"While there are still significant technical hurdles that terrorist groups need to overcome to effectively use weapons of mass destruction, a growing number of emerging technologies could make this barrier easier to cross," Nakamitsu said on Wednesday. "Several new areas of concern emerged, such as the use unmanned aerial vehicles, 3-D printers and the exploitation of the so-called dark web."
The UN Security Council is holding a meeting on non-proliferation of weapons of mass destruction on Wednesday.
Nakamitsu explained the dark web allows non-state actors to get access to a new market place to acquire dual-use equipment and materials.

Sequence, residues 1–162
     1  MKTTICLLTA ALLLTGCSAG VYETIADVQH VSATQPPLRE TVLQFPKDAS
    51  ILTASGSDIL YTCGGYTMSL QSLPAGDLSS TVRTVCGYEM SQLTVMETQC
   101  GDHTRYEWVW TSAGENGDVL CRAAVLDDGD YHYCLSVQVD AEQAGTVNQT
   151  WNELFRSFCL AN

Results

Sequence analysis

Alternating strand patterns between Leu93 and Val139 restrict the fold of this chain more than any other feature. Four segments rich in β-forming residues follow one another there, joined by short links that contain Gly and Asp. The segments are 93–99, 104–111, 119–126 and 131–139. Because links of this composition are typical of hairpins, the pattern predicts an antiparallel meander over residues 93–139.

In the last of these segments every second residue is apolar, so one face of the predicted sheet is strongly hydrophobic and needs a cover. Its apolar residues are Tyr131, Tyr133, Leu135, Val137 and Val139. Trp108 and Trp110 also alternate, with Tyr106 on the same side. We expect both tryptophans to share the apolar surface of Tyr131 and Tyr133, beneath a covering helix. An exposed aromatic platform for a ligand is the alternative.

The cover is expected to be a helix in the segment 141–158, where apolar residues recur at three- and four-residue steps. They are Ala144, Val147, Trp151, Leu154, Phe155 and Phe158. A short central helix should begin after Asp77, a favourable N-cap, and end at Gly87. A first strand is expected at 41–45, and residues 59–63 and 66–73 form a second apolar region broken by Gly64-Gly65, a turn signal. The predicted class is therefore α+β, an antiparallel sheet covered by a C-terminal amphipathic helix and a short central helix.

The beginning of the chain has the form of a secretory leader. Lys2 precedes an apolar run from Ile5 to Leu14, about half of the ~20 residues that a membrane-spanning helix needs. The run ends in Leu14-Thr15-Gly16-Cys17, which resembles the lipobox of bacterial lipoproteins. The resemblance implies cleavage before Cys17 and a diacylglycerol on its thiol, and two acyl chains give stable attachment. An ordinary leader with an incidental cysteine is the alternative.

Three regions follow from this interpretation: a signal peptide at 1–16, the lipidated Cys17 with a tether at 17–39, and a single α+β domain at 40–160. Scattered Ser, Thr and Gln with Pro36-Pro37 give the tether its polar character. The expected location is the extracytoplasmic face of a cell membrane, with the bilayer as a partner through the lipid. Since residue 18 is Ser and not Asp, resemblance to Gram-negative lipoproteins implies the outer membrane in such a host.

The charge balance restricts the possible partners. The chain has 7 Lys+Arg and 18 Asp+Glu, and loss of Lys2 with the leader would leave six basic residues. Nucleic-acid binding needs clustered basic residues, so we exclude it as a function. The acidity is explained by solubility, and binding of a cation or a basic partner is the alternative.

She noted substantial progress that countries achieved over the past years in minimizing proliferation risks but said there is much to be done. She invited the members of the UN Security Council to take a closer look at the nexus between the WMD and rapidly advancing technologies.
Nakamitsu also pointed out that recent terrorist attacks "revealed shortcomings in interactions among security agencies, even in countries whose policies are otherwise deeply integrated" and called on countries to deepen their information-sharing.